3. Discussion

3.1. Substitutional LNG

As shown by [68] studying a 2F diesel-LPG 1.6-L 4-cylinder ICE derived from a passenger car ICE, the amount of diesel needed in these operating conditions may be larger. As the baseline ICE model of the present study was developed targeting the high speed and load operation as customary in racing ICE applications, the low-speed low load definition of the pre/post injections was not of particular interest. The reference experimental definition of the pre/pilot mass flow rate of the small diesel 1.6 L is proposed in Figure 11.
Especially in the low-speed operating points, where turbocharging does not produce enough boost, the amount of diesel needed for the pre/pilot injections may be large, also 50% of the total mass injected in the worse cases. With super turbocharging or electrically assisted turbocharging, the issue is less relevant. With more complex strategies of injection of the LNG, suitable conditions for the main injection of the LNG to progress diffusion-controlled may also be obtained by injecting a small amount of LNG prior or contemporary with the diesel-injection-ignition. This option may permit to drastically reduce the diesel needed. This is a major advantage vs. the Westport HPDI.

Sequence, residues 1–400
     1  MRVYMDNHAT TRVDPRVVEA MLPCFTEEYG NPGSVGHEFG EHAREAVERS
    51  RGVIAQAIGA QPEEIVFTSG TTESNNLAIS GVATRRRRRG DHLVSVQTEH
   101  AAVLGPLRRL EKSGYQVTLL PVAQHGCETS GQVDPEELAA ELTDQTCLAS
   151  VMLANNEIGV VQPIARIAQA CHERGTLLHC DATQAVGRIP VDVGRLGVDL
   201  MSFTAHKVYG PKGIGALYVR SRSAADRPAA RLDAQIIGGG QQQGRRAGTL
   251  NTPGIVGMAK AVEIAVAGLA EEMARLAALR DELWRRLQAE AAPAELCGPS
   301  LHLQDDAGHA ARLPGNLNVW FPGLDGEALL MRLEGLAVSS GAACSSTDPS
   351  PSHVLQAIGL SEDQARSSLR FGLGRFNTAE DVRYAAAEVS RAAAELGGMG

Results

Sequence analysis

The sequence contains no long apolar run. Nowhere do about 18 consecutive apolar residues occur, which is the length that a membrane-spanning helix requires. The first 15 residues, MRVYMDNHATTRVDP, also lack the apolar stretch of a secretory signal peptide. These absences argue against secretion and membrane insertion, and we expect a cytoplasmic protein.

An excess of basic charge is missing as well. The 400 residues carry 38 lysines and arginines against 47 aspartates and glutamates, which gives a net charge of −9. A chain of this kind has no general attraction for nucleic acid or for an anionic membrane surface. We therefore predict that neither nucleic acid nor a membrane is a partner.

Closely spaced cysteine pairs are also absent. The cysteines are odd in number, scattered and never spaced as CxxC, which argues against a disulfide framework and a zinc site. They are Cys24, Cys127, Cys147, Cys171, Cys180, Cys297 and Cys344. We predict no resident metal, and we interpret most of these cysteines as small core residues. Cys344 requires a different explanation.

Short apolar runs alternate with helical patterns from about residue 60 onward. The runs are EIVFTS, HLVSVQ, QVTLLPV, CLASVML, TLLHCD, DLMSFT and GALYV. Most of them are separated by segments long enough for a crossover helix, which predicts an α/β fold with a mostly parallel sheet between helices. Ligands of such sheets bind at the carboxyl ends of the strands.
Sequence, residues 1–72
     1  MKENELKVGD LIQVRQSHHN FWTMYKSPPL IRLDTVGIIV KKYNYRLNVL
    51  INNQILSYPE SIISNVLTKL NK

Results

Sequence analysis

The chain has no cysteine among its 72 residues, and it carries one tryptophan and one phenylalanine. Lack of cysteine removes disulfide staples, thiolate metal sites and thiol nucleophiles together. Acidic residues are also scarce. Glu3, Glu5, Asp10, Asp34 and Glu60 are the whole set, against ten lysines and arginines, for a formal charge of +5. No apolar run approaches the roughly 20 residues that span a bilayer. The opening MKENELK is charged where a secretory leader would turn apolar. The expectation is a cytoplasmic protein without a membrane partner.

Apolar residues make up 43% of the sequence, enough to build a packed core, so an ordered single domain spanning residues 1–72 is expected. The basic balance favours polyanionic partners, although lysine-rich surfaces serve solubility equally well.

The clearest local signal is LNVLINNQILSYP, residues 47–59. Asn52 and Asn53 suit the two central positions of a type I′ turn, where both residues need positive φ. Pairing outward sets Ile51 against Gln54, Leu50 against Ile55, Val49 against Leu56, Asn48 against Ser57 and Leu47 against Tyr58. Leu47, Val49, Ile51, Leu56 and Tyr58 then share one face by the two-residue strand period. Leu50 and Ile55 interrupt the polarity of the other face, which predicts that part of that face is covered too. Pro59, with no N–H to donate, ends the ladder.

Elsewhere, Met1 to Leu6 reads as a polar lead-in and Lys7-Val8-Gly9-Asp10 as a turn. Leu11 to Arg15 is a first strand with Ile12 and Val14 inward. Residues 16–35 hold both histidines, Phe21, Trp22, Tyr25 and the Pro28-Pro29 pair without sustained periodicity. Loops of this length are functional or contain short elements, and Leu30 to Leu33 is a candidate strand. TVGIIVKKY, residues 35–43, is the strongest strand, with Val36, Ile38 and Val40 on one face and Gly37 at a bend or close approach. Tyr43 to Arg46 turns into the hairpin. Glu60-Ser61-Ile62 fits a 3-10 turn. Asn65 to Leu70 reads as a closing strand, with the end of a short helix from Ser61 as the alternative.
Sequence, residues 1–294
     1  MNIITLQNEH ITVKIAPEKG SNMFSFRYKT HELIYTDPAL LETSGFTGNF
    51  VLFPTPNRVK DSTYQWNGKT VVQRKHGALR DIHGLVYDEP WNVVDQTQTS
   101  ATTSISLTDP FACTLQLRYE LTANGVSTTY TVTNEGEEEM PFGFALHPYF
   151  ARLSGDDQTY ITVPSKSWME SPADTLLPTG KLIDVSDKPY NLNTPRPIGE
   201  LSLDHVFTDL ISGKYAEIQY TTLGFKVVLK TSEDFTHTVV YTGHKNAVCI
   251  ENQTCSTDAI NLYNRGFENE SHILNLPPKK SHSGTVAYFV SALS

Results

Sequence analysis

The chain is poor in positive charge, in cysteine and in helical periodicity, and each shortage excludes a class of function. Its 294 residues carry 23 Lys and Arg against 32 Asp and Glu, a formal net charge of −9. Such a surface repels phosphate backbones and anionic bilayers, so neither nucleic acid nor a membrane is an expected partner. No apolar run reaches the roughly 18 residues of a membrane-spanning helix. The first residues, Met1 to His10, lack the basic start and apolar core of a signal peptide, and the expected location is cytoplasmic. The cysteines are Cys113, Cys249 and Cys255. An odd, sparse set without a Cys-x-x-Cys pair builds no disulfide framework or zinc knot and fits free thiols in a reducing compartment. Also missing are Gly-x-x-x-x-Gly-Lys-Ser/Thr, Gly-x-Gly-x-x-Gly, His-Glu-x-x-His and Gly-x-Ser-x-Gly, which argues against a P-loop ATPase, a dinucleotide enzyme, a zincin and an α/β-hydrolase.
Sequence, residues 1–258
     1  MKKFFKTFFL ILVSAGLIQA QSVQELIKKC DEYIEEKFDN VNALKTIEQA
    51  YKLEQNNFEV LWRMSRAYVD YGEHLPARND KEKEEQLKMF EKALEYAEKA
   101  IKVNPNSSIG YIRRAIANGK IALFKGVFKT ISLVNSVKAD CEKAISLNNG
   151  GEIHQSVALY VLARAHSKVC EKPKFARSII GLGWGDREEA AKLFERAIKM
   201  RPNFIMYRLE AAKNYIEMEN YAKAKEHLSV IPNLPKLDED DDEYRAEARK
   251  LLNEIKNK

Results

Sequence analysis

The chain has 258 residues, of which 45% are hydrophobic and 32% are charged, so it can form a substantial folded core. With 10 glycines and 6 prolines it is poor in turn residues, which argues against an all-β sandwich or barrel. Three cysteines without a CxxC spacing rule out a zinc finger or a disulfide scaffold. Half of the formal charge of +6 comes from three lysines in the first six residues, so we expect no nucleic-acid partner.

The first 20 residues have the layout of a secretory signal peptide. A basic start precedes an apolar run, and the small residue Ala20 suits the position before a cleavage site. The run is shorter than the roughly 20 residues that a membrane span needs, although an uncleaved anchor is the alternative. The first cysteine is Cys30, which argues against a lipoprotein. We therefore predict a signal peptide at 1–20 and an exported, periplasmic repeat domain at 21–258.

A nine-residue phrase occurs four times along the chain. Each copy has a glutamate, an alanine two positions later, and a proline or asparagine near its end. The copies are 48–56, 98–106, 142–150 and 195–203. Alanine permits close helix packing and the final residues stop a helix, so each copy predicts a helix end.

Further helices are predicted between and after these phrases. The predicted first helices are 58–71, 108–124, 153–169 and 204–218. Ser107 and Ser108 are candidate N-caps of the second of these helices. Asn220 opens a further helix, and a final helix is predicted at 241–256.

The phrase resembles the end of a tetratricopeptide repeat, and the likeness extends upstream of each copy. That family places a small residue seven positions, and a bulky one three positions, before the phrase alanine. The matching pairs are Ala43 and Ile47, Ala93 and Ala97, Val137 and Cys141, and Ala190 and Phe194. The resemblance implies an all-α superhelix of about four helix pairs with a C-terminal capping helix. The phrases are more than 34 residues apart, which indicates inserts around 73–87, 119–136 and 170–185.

Where convenient, the amount of the LNG injected before the diesel-injection-ignition may be increased to almost any value, thus producing a very fast combustion, close to an HCCI combustion, but with the advantage of reduced heat losses, as the LNG premixed with air may be concentrated at the center of the chamber where it is ignited by the diesel-injection-ignition, with a cushion of air surrounding this area and limiting the heat transfer to the walls.
In addition to assisted turbocharging, air cooling, and injection shaping, exhaust gas recirculation (EGR) is a control option that is effective to reduce the NOx engine-out emissions [52,69,70]. The EGR reduces the NOx lowering the oxygen concentration in the combustion chamber, as well as absorbing heat. As the present work has only focused on performances and not emissions, EGR has not been considered.